In later years when I was an adult and getting to be fairly knowledgeable on guns, my dad asked me what type of firearm he should get for home defense. I already had a Smith Model 28-2 6" which I enjoyed for its utility and ruggedness, and I suggested he might want to get the same model, but with a 4" barrel for handiness. He commissioned me to find one, and I did, selecting from among several at Bohm's Sporting Goods in Phoenix. This was in 1968. I purchased a set of target stocks and a trigger shoe (stylish in those days), and added them to the gun. My dad and I used to take these Model 28s out to the desert north of Phoenix and shoot them regularly.

Dad is gone now, and I inherited his revolver when he passed away in December, 1987. I have never shot it, preferring to think that the last time it was fired, my dad pulled the trigger. Here's a shot of that fine old revolver:



And finally, my grandfather's old beat-up Smith Model 1902. He carried it in a shoulder holster when he was a country storekeeper in Crittenden, Kentucky in the early part of the 20th Century. I inherited from his wife, my grandmother, when she passed away in 1975. It shows much use and at least one re-nickeling, and that's the way I'll keep it. Here's a pic of that gun and the holster my grandfather carried it in:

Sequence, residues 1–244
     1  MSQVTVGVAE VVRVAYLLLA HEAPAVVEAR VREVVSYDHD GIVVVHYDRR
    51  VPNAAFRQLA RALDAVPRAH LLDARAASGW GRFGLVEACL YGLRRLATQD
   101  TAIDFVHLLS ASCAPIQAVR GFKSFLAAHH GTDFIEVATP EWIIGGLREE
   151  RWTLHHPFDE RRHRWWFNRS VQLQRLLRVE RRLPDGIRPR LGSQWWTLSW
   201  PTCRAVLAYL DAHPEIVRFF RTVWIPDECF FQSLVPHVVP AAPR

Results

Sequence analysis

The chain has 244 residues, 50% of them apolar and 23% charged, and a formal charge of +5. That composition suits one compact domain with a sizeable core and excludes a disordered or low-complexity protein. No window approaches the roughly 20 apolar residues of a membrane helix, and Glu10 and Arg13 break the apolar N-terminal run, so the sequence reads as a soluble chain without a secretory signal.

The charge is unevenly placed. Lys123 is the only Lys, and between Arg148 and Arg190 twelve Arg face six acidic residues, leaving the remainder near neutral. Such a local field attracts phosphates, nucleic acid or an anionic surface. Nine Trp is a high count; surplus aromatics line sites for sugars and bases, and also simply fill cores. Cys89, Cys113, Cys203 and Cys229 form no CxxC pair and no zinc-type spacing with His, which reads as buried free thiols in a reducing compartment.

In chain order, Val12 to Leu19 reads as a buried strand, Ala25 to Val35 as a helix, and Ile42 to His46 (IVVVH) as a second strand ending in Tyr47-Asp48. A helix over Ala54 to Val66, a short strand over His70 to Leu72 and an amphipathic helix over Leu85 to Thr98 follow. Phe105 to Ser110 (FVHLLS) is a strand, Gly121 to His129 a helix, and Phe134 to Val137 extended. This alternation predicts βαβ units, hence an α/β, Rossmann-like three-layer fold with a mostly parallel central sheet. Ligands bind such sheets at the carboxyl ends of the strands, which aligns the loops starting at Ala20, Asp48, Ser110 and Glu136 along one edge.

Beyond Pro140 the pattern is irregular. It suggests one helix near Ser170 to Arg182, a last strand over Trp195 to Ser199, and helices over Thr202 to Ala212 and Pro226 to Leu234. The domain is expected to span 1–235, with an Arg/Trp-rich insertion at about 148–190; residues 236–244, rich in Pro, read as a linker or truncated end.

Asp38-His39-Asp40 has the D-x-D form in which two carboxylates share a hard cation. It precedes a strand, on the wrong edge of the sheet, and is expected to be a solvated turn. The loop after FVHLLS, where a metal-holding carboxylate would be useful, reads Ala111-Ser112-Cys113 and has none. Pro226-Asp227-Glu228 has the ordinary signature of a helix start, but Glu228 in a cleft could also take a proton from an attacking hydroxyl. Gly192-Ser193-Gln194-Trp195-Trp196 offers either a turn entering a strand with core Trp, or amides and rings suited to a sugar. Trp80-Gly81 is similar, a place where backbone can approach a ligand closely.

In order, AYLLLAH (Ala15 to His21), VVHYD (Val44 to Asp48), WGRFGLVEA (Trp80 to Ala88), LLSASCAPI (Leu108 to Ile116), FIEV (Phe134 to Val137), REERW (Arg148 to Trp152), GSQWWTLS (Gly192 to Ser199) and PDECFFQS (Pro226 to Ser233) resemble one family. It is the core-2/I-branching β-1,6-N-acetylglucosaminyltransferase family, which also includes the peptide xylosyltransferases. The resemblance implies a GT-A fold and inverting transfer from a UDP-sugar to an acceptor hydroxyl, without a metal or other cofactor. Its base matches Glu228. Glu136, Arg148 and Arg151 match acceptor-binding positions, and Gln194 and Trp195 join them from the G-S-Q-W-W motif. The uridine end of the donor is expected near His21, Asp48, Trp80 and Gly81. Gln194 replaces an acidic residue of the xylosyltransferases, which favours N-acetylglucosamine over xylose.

I will own these guns, no matter what, until my death. At that time, I hope one or more of my descendants will keep them and treasure them as I have.

Perhaps some of you have "keepers" such as these that stir memories of times gone by. Share them with us!
What a beautiful story, and Precious Memories.

I am so blessed,

Leon
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Old 12-18-2021, 01:10 PM
SupportTheSecond SupportTheSecond is offline
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Dad bought me this the year I was born to give me when I reached the appropriate age. It will eventually go to my son. And it shoots great.

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Old 12-18-2021, 06:37 PM
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Dad bought me this the year I was born to give me when I reached the appropriate age. It will eventually go to my son.